Saturday 6 April 2013

Writer's Note 5 : The charming, narcissistic Rosamund Lehmann

(One of an occasional series here about writers and writing, inspired by my correspondence with my friend Virginia Hiller...)

I've  just finished the biography of Rosamund Lehmann by Selena Hastings. Fascinating. A life more strange than fiction. - A beautiful, talented girl and woman who knew intimately
The shy, clever, seductive
intensely self-aware young beauty,,,
just everyone in the literary world of the mid twentieth century - from the Bloomsburies and Ian Fleming to Laurens Van Der Post; from Edith Sitwell to Carmen Callil,

On the downside she was narcissistic and stunningly passive aggressive. Possessing enormous  and seductive charm she looked for admiration and obsession from those around her -men and women - and was a terrible enemy to those who - as she saw it - rejected her. (Most famously Cecil Day Lewis.) She was case-book paronoid and obsessed with the emotions of the people with whom she was intimate.

She was incontinently disclosive in her desire to express her pain at the way people -0 as she saw it -  were treating her. As she grew older (scenes of things to come for some of us ...) she became something of a monstre sacre, ballooning because of her child like love of sweet things but still seeing the woman in the mirror as the beauty she had been.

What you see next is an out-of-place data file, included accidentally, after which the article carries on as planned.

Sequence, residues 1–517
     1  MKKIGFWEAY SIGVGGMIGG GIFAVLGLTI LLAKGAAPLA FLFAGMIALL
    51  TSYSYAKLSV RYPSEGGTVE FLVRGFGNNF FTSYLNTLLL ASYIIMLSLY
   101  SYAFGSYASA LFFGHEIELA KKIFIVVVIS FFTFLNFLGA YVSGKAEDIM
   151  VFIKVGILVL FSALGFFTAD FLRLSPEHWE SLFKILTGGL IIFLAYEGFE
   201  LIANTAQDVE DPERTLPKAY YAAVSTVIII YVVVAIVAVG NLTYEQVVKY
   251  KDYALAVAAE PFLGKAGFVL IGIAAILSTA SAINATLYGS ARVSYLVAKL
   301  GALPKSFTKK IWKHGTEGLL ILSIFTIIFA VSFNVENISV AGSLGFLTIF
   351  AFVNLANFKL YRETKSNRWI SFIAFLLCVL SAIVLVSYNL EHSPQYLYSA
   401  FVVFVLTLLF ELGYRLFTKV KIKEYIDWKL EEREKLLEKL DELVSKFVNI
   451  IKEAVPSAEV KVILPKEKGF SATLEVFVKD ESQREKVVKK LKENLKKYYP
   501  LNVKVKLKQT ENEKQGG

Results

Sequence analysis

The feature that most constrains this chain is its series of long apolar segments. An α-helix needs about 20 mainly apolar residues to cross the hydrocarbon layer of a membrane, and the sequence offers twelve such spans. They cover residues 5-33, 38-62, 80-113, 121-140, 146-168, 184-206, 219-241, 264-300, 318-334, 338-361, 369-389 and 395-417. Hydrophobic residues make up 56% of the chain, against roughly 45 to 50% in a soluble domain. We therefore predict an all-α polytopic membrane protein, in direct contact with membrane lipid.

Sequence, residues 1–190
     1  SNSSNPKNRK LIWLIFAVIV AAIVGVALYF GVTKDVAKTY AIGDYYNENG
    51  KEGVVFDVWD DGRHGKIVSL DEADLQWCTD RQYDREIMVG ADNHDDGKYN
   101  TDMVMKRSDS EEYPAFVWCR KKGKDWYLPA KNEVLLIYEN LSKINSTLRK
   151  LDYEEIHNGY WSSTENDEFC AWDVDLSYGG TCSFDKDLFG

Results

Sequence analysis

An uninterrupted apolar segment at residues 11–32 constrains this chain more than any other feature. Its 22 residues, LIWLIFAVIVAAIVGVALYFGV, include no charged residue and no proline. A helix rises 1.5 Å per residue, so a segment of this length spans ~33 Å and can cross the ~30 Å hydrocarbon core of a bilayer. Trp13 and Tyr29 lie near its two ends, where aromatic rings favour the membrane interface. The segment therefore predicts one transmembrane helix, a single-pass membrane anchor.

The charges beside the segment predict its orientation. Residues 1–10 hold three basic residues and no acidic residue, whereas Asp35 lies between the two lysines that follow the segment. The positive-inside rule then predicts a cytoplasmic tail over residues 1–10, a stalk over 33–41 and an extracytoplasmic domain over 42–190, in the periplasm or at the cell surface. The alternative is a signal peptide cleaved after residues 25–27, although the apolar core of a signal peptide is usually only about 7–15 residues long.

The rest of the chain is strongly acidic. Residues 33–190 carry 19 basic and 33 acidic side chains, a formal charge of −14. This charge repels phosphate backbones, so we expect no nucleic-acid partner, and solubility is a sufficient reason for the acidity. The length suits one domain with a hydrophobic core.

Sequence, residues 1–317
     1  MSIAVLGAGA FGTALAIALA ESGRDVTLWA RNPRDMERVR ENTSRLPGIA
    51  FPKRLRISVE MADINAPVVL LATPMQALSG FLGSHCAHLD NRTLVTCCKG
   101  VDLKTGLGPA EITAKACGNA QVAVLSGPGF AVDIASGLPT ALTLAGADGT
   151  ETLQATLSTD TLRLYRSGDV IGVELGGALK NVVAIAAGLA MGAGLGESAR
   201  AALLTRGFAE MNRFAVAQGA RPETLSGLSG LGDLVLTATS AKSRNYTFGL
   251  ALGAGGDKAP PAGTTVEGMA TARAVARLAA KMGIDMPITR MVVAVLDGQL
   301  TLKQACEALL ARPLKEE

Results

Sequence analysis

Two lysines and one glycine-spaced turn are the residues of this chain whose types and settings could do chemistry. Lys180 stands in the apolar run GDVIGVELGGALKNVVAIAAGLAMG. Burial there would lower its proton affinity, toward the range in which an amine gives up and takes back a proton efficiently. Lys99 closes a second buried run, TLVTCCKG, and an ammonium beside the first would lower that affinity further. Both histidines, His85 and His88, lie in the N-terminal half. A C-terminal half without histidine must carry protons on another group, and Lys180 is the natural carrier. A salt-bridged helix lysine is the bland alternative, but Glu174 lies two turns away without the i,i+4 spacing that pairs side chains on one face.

This biographer was one of those  who admired and loved her but witnessed this ultimate decay of a unique personality. Her critical assessment of the few novels is admiring but very sharp in its insight regarding  the inferred autobiographical nature of the characters and their doomed emotional journeys.

Reading biographies is a two edged pleasure. On the one hand it gives an illuminating
Still beautiful, seductive, clever,
 and intensely self-aware in old age.
access to uniquely talented personalities. On the other it can show you that your angels have feet of clay. 

This biography, however, has sent me back to Lehmann's novels - particularly Weather in The Streets. Nobody does better than Lehmann a woman's yearning to be loved and her desolation at being rejected. 

In the light of the contemporary  Women's Prize for Writing,  there is much discussion about  whether there is such a thing as 'Women's Writing'. Lehmann - much admired by men - disliked to be known as a women's writer but I feel  this biography shows her as just that. 

And being a bit that way myself, I found her ill-fated late-life obsession with life after death fascinating....

- a good read on a cold dark day!

1 comment:

  1. Sounds fascinating, Im a Lehmann fan so this is going straight on my to-read list. Great review!



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